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The effect of small mammal exclusion on grassland recovery from disturbance in the Chihuahuan Desert
- Svejcar, Lauren N., Bestelmeyer, Brandon T., James, Darren K., Peters, Debra P.C.
- Journal of arid environments 2019 v.166 pp. 11-16
- Bouteloua eriopoda, Prosopis glandulosa, dry environmental conditions, ecosystem services, ecosystems, ecotones, grasses, grasslands, herbivores, land restoration, perennials, rodents, shrubs, small mammals, Chihuahuan Desert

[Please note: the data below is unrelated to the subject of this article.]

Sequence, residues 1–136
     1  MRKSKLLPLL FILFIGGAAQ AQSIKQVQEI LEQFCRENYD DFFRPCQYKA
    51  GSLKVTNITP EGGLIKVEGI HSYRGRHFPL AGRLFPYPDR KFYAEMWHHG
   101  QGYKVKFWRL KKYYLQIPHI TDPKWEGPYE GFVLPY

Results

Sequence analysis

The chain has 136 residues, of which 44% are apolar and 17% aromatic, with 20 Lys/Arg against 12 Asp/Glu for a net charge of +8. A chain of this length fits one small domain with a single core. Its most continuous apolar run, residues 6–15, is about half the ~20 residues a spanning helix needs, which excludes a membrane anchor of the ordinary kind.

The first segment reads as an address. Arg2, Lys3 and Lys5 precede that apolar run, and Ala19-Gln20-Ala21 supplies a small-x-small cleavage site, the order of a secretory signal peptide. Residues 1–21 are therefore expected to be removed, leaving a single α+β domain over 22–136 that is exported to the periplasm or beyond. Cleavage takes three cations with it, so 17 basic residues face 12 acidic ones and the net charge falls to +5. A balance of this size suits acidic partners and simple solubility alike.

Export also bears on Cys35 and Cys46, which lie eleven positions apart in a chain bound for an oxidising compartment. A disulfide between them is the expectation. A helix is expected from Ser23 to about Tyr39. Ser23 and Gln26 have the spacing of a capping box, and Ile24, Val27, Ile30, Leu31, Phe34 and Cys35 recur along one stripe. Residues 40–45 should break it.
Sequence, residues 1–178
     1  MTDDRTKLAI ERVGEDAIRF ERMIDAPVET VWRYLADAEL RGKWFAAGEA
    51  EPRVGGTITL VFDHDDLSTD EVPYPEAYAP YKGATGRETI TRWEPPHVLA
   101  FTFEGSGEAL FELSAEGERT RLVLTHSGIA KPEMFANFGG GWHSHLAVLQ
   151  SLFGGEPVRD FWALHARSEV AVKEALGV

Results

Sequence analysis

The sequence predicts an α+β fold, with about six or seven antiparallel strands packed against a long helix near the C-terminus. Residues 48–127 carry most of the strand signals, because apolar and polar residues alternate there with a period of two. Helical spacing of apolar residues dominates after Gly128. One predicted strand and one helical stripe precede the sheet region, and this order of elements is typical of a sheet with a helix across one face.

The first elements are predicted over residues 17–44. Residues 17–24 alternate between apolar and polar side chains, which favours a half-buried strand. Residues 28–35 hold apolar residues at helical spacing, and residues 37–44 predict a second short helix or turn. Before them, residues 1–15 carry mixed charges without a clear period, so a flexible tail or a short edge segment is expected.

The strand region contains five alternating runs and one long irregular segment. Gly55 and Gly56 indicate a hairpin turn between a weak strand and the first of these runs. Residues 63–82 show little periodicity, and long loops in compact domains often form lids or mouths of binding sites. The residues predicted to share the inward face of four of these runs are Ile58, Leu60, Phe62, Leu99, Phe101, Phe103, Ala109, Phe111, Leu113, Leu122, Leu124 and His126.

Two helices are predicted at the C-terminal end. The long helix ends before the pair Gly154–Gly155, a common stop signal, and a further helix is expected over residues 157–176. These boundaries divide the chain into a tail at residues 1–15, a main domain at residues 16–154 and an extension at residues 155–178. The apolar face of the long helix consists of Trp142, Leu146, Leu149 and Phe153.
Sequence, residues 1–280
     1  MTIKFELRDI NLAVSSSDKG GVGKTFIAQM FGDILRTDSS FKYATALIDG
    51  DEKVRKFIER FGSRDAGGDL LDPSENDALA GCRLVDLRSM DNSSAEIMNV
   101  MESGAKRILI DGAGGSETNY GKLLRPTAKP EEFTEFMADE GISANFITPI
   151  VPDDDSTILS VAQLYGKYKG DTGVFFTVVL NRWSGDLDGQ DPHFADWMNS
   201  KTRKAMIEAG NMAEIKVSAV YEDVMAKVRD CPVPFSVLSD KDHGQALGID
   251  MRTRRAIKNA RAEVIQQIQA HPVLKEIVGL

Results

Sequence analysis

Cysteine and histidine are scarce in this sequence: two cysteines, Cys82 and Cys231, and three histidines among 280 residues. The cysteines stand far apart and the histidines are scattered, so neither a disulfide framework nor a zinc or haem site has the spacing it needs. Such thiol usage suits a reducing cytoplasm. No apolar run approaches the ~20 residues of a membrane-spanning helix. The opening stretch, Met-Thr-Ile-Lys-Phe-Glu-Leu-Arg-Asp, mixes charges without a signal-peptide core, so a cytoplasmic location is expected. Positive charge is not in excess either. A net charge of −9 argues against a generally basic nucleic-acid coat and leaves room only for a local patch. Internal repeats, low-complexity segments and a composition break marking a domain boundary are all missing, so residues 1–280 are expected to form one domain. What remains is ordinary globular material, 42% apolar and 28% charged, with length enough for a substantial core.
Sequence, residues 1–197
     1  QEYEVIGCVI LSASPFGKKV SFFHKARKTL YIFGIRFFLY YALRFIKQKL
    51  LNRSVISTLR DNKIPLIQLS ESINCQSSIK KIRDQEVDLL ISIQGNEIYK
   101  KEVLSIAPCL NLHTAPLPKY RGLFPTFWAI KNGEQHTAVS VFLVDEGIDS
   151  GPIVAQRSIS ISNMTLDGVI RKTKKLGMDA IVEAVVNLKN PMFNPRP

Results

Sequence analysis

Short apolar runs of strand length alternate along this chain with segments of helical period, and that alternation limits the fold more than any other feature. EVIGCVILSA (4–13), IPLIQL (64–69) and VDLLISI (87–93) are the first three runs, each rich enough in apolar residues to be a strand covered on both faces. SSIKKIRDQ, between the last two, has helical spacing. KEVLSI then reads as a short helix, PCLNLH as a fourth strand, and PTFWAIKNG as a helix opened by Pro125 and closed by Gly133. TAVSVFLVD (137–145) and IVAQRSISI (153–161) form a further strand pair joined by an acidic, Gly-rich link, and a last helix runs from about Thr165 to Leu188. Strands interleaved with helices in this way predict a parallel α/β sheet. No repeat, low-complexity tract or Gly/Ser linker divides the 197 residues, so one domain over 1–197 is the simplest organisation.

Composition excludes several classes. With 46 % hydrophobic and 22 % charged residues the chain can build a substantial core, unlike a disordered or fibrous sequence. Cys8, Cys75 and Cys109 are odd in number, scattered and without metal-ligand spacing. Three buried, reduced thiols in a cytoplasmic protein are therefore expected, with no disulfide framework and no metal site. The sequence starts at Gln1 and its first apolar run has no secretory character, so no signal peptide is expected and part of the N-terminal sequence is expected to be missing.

- In many arid ecosystems, shrub encroachment is coupled to the loss of perennial grasses and associated ecosystem services. Increased native herbivore abundance associated with shrub encroachment can have negative effects on grass restoration. In the Chihuahuan Desert, native herbivore abundance can be two times greater in shrubland states dominated by Prosopis glandulosa (honey mesquite) than in historical Bouteloua eriopoda (black grama) grasslands. We compared the recovery of B. eriopoda patches following disturbance in plots that were exposed to or protected from native herbivores in shrub-dominated, grass-dominated and ecotone (grass and shrub co-dominated) states. We created a disturbance in the center of B. eriopoda grass patches in each treatment quadrat in 2001. The disturbed areas were measured for recruitment and re-establishment of B. eriopoda in 2002, 2005 and 2008. Although mean rodent abundance was generally greater in shrub-dominated states than other states over the study period, reproductive potential of B. eriopoda was similar in shrub and grass dominated states. Additionally, there was no revegetation by B. eriopoda in any state in response to rodent exclusion. Because increased herbivore abundance in shrub-dominated states did not constrain grass revegetation, other factors are likely to be more important constraints on perennial grass recovery in the Chihuahuan Desert.